by DC Parent on Aug 7, 2014 4:14 pm • linkreport

Agree with DC Parent on the value of content. Good readers read for a purpose -- to find something out, to study or for fun (which is also a purpose!). Reading some formulaic text simply to practice a strategy sounds pretty dull.

by Willow on Aug 7, 2014 4:43 pm • linkreport

On the skills vs. content point: To be fair, the texts we were reading were actual books, some of which were really good (especially one called Thank You Mr. Falker, about a struggling reader). So the texts themselves weren't formulaic -- it was more the approach that I was talking about.

For those who are interested in the more general point about a skills-focused approach, I highly recommend the piece by Robert Pondiscio that I linked to in the post (

by Natalie on Aug 7, 2014 5:50 pm • linkreport

Natalie- Pondiscio is a big proponent of E.D. Hirshe's Core Knowledge program because of the need for building background knowledge.

Hirshe and many others argue we should minimize the focus on skills and instead build a broader content base. The analogy I would use is that you telling someone how to run marathon does not help them complete the race. You doing the daily and weekly training through content will get them there.

by DC Parent on Aug 8, 2014 9:49 am • linkreport

I would not be afraid to ask if you can include a book or two to read together if only for ten or fifteen minutes of your timer work on an assignment. Rewarding her with a small book she can read and have for herself when she achieves a goal might be helpful, too. Thank you for volunteering. Your mentoring and the role model you establish for Keisha are helpful, too. There has probably been little realistic opportunity for practical envisioning of what she might like or someday can do. You are planting seeds. All the best to you.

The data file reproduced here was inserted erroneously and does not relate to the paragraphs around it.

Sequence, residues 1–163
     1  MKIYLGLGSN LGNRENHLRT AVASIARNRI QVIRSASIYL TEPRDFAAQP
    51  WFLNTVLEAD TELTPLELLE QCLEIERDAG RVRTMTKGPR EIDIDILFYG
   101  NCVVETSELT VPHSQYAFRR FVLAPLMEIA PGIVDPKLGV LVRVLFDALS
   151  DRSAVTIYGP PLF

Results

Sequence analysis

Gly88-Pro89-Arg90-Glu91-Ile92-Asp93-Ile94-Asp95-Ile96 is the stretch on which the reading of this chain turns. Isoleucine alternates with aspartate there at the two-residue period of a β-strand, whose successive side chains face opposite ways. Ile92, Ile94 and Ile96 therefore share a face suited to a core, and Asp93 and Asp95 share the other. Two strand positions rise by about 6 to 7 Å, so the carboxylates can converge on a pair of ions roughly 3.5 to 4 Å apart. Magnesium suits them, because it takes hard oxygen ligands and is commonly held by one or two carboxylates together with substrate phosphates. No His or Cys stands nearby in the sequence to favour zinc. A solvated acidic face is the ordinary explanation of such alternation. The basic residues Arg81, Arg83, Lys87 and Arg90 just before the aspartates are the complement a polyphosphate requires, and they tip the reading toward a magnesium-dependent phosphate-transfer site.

by A teacher and tutor, too on Aug 8, 2014 11:37 am • linkreport

I applaud you and other volunteers who help kids who are struggling. But my daughter didn't progress much until I paid for a certified reading instructor--not just someone who is well-intentioned (and good for you)and who loves to read, but someone who is trained to deal with the difficulties that many kids with learning disabilities and/or emotional issues face. Many school systems don't know this, and/or the need is so great that they're pulling people in from the streets or parental ranks thinking that more reading is better. Did you receive any preparation or training, Natalie, before being assigned a student?

by Wendy on Aug 8, 2014 12:09 pm • linkreport

What is an adorable kid, and why do we expect that every kid who needs extra support will be "cute"? It seems that there is a real cultural disconnect with your expectations, but you learned a lot in the process as well. So many kids in the District come from tough environments. How do you know what was going on in Keisha's life, and how do you know that she wasn't appreciating you all along but just didn't have the other skills to tell you? My guess is that she did, because clearly you are a part of her life, someone who showed up.

We want our kids to love to read. But before they get to that place, they need to learn to read. While many will debate the merits of a skill-based approach, it is a foundation to getting kids to where they need to be. I'm not convinced that providing the same tutoring that the more affluent kids get would take Keisha to where she needed to be either. All kids need foundational skills, and those who work with them can benefit from understanding their cultural differences.

Thank you for working with Keisha. I am glad you are going to continue to help kids like her. Clearly you made a difference, and it is terrific you are continuing to work in the schools.

by Mother of two on Aug 8, 2014 2:28 pm • linkreport

I regret that I didn't have more space to go into some of the details of the Reading Partners program in the post itself, but I'm happy to do that here, to clear up any misconceptions. And I want to make it clear that despite my reservations, I think in many ways it's an excellent program.

To the point made by "A teacher and a tutor:" We began every session with me reading to Keisha for 10 minutes from a book she more or less chose herself (there was a group of books for her to choose from; sometimes she had trouble making a choice, and I narrowed the range). Generally, she seemed to enjoy that. Also, when she got to a certain point in the tutoring cycle (maybe once every 3 weeks), she got to choose a book and take it home -- and keep it. She was supposed to bring in a report on it, but as far as I could tell, she never did. So basically, the program is already doing just what you suggest.